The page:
Confirm Action

Are you sure you wish to do this?

Confirm Cancel
Member Login

Site Notices
1/22/2020 12:12:56 PM
Posted: 10/6/2007 6:23:11 PM EST
I am out in Colorado with the new 30D. I am looking to finally get some good star pictures this time. I am planning on using the 17-40. I have a shutter release and tripod. What settings should I use? I am probably be going to try it Monday and later as it is snowing right now.

Link Posted: 10/6/2007 8:10:15 PM EST
My night shots are shot in Manual mode usually Iso 100/200 shutter times varry in the effect your looking for up to 30 seconds timed or the bulb setting.
Link Posted: 10/7/2007 7:57:28 PM EST
[Last Edit: 10/7/2007 8:00:21 PM EST by ilikelegs]
Link Posted: 10/8/2007 10:37:07 AM EST
Shoot on the wide end of the lens, so you will be able to get longer exposures. At 50mm, shooting towards the eliptic, your slowest shutter speed would be about 4 seconds, before your stars turn into smears due to rotation of the earth. At 8 seconds, you will notice some streaking if you pixel peep.

Therefore, when shooting at the eliptic, (where apparent rotation is fastest) limit yourself to:
2 sec. @100mm
4 sec. @50mm
8 sec @24mm
16 sec @ 12mm

If you are aiming to the north or the deep south, you can double or even triple those times. For example shooting in the direction of Polaris, you can probably get away with a 12 second exposure at 50mm, simply because the star movement is so slow.

If you have access to Photoshop, you will want to process them.

I have found that the best method is to use a high ISO, like 1600 or 3200, and then shoot 8 shots one immediately following another, without moving the tripod.
These shots can be blended together in photoshop easily to average out the noise and to sharpen the details.

Here is a single image, notice the noise! 50mm f/1.8 ISO800 4 seconds. 100%

Now, look at a composite of 8 frames, all blended together in photoshop. 100%

The dimmest stars you see are Apparent Magnitude +8 to +9. Orion is close enough to the elliptic to show trails at anything more than 4 seconds. I could have used higher ISOs, but this was the look I was striving for. Less orange glow in the pictures...

Shooting with higher ISOs and longer shutter speeds will allow hot pixels to show up in your frames. Expect to deal with them, once you have your composite finished. Before they are fixed, your composite will show this...

Nope! That isn't an airplane! You line up the images, by the star positions, and that makes the hotpixels appear to travel across the sky like stars. Cleaning them up at the end is easy.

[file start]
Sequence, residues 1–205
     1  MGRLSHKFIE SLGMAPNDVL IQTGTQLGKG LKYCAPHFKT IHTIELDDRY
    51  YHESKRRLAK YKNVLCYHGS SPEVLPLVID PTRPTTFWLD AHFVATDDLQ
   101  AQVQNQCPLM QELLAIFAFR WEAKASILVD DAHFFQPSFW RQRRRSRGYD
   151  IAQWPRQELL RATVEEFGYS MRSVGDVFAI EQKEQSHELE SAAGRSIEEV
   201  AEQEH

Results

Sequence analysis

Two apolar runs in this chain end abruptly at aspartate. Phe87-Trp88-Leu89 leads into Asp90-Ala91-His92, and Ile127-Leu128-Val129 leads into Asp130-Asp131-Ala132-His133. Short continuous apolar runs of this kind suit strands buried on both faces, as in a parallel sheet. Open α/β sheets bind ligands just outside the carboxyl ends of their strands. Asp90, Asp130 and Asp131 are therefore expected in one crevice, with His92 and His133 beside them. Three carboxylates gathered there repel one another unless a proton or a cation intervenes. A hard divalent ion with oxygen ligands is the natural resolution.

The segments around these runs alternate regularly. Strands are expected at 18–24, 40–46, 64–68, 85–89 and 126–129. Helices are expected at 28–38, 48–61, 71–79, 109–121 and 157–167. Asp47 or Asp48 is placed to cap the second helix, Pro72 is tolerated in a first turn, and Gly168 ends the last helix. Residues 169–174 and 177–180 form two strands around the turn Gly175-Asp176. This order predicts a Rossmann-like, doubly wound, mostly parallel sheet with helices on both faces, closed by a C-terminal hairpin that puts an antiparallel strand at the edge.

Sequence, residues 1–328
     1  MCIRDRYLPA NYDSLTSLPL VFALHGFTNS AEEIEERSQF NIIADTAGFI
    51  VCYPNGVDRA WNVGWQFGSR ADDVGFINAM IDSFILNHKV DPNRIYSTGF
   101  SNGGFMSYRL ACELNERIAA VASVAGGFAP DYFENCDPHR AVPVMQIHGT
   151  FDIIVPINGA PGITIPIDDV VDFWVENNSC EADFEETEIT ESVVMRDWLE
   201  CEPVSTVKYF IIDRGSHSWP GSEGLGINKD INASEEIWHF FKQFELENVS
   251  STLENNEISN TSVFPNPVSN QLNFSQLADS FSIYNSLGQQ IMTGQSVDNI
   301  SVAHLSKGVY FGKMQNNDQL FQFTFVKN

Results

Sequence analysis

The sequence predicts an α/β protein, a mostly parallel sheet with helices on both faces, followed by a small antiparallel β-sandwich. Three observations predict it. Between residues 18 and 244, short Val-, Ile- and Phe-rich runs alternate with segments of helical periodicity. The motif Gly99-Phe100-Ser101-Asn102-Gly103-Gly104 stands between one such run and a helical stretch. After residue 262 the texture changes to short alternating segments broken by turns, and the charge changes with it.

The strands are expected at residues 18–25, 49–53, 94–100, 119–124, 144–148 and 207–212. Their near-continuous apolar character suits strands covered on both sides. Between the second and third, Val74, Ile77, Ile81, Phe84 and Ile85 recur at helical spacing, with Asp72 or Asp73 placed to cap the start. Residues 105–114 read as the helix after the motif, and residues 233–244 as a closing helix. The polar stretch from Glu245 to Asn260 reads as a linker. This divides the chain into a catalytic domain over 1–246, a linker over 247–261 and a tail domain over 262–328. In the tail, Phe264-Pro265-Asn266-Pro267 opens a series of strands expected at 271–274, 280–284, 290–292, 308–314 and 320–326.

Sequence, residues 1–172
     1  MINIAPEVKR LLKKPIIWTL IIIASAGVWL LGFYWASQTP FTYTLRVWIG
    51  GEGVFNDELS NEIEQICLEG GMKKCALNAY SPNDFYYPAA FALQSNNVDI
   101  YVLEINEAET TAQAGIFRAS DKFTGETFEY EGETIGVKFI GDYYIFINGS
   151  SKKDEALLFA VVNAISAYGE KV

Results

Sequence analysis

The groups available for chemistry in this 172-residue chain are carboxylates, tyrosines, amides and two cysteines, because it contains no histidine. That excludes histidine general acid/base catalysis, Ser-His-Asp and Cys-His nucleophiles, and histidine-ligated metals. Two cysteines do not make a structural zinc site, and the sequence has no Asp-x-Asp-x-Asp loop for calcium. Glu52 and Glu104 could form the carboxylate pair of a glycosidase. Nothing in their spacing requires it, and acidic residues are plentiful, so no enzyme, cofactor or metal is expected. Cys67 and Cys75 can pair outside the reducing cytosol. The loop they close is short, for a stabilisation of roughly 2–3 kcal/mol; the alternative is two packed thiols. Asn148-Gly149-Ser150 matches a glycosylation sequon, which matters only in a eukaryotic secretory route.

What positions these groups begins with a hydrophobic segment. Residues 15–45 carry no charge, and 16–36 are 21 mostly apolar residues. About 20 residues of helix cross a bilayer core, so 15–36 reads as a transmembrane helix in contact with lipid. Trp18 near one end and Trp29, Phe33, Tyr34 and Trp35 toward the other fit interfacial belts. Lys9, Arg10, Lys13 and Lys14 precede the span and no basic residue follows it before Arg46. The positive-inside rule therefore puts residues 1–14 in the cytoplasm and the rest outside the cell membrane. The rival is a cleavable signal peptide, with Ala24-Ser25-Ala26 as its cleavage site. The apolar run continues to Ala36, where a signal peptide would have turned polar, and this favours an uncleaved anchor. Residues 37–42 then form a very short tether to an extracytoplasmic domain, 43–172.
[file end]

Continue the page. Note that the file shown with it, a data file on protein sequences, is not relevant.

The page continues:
Also notice some flaring off the brightest stars such as the one around Saiph (bright star at the bottom of the sword of Orion). I was shooting wide open with the lens, which hurts quality in favor of brighter images. The farther from the center of the image you get, the more flare you will notice.
Link Posted: 10/8/2007 2:39:21 PM EST
Link Posted: 10/8/2007 3:10:15 PM EST

Hopefully I will be able to get out tonight and try this again. Last year did not go so well.

Link Posted: 10/9/2007 6:43:15 AM EST

Originally Posted By Penguin_101:
Well I went out tonight and I got better results, but the Milky Way is still not as clear as I would like.

This is what I got:


The car ruined the last one, but I still wanted to get the snow on the mountains reflecting the stars' light.

Any ideas?

Hmmm. It looks like you are using a cable release in the second pic, right? If you are going to get star trails, go ahead and REALLY let that shutter stay open a while.
If you are anywhere remotely near a town, you'll get orange glow in the sky. Using the lowest Kelvin temp setting on your White Balance will make that glow less orange, and your stars will be bluer.
Those aren't bad pictures.

The best way to get some really awesome sky images is to use an equatorial mount and an electric drive. This will allow the camera to track the stars, and allow you to use insanely slow shutter speeds.
I once stumbled across a website that had plans for an inexpensive do-it-yourself mount, that used 2 pieces of wood, a piano hinge, and a threaded bolt. The hinge points at Polaris, and joins the pieces of wood so that it looks like a book. The bolt goes through the book and is secured in such a way so that as it is turned, the book opens and closes slowly.
Some math is required to determine how fast the bolt should be turned to keep pace with the sky. Turn the bolt some amount every so many seconds, and the camera that is mounted to the wood, follows the stars... I sure wish I still had that website.
Top Top